I had planned on adding a new trail review this week, or possibly even a list of some of my favorite fall camping recipes. But the story of Susan Clements, a hiker who went missing in the Smokies last week, has me rattled in a way that missing hiker stories rarely do. The reason why isn’t hard to see: last month on our trip to the Smokies, we hiked Clingman’s Dome. I’ve seen so many pictures in my social media feeds this week of places where my kids were walking, climbing, and laughing. We did not do the Forney Ridge Trail where Susan went missing, but I looked at the trail sign for it for a good minute or so trying to decide if I wanted to ask the rest of my group if we should, and put it on my list of places to return.
Whenever I hear about hikers that go missing in places I’m not familiar with, my brain kicks into self-preservation mode, and imagines terrain I’ve never hiked before, and am not likely to hike. I’ve been on narrow trails next to steep drop-offs, and I’ve stood at a trail marker after dark, just praying that I was reading it correctly. Once, before we had kids, I went on a solo hike, and I know I walked into a predator’s den. The air went completely silent and still, and I had the very distinct feeling of being watched. I started banging my hiking pole on rocks and singing, and eventually the feeling left and the sounds around me returned to normal–but it made my hyper-vigilant for the remainder of my hike. Regardless, I hear these stories, and have to comfort myself with the thought of “it can’t happen here.”
Susan Clements hits home because, the tragedy of her circumstances aside, her death is a sharp reminder that it can happen here. The Smokies are the most visited National Park in the country, and Clingman’s Dome is so highly trafficked it felt more like walking through a theme park than walking on a trail, but step off the trail, and all that goes away. Kairi was disappointed we hadn’t seen any white blazes since I told her Clingman’s Dome was the highest point on the entire Appalachian Trail, so I took her down the spur to the AT so she could see them–we might have walked a dozen yards before connecting with the AT, but it was astonishing how quickly the crowds of the Dome gave way to dense, silent forest. It’s easy to see how, in the fog and growing darkness, someone could lose their way.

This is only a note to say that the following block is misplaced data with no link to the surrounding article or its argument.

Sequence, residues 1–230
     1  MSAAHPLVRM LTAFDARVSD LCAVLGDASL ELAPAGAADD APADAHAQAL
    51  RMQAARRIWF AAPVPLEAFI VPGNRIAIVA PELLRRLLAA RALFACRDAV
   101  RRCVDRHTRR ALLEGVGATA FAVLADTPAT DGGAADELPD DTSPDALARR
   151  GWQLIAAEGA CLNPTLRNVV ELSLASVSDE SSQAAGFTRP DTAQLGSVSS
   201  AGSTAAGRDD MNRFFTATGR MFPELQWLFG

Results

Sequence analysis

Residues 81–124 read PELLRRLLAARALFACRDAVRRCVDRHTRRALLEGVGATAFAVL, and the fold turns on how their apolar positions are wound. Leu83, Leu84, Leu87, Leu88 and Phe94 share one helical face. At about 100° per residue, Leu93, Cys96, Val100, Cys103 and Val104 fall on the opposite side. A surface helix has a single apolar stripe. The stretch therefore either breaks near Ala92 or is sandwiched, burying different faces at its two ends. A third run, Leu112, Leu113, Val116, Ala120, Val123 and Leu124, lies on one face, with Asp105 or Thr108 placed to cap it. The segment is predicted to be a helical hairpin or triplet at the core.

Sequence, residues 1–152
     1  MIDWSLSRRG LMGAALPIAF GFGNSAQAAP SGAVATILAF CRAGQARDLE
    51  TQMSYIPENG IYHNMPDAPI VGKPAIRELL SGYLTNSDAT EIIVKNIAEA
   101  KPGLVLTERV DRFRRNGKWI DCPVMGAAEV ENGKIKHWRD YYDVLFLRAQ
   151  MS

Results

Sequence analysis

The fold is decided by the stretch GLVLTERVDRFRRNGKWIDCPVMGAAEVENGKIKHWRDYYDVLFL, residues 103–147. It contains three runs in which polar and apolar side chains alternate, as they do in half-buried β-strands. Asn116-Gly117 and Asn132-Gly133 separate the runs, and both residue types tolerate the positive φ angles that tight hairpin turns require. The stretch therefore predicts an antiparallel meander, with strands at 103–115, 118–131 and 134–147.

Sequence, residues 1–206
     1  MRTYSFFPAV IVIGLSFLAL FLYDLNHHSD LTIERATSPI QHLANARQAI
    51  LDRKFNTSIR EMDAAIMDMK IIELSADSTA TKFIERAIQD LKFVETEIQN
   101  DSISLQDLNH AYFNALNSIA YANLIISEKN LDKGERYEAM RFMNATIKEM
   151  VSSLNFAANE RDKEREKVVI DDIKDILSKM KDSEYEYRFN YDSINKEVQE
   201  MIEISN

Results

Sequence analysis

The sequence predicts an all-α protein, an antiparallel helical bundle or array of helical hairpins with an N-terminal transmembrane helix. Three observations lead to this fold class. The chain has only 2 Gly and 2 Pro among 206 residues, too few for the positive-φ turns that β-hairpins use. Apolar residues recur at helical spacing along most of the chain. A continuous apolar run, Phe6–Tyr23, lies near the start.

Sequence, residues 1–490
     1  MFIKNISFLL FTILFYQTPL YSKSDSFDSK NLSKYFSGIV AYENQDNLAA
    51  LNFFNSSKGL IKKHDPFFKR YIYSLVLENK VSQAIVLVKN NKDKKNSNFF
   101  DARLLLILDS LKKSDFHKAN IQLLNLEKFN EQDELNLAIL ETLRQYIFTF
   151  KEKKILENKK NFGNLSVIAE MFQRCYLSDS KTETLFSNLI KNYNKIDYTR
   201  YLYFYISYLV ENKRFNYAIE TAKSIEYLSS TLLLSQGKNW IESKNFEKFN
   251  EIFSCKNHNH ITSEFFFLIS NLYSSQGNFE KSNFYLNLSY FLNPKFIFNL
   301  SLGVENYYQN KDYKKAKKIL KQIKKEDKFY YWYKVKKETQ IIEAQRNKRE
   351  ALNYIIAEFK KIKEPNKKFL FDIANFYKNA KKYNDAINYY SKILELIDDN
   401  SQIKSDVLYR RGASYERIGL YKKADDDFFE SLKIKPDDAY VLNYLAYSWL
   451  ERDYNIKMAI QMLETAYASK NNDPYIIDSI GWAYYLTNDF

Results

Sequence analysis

I LOVE seeing the growing movement to get more people outside. And to get people outside beyond the fit white men and women who look like they stepped off the cover of Backpacker. Groups like Adventure Mamas, Hike It Baby, and Switchback Chics, or Latino Outdoors and BrownPeopleCamping. The efforts to diversify the outdoors. It’s encouraging. And as a mom, I know that seeing other blogs and organizations dedicated to getting kids outside, I have had the courage to go out with my kids on my own, or to tackle trails I might previously have felt were too ambitious for little legs. In the age of social media, we inspire each other to get out–but we are usually only seeing the good. The pride, the joy, the feelings of peace. Not the struggles, the tears, or the giving up and turning around.
There’s a lot of speculation already about Susan’s level of preparation–a lot of conversation about people who approach the trail as tourists vs people who approach the trail as hikers. That conversation bothers me, honestly. It makes assumptions about Susan that we have no way of knowing anything about, for one–but it also makes assumptions that all you need to avoid Susan’s fate are experience and preparation. Which is not true.
The truth is–there isn’t a way to avoid it entirely. There’s a reason we label hiking “adventurous.” Whether it’s a copperhead snake in a city park, a 200 foot drop off a rocky bluff, or fog so thick you can’t see what’s trail and what isn’t, there is always some degree of risk.
And I hear you–there’s always some risk in everything. Driving, walking down the street, even children aren’t safe in their classrooms anymore. Avoiding the activity isn’t how we avoid risk. In civilization, we look at all the ways we can reduce or eliminate threat. But outdoors, in addition to proper preparation, the best thing we can do is remember that we are just guests, in a world where everything else there knows more about the trail than we do.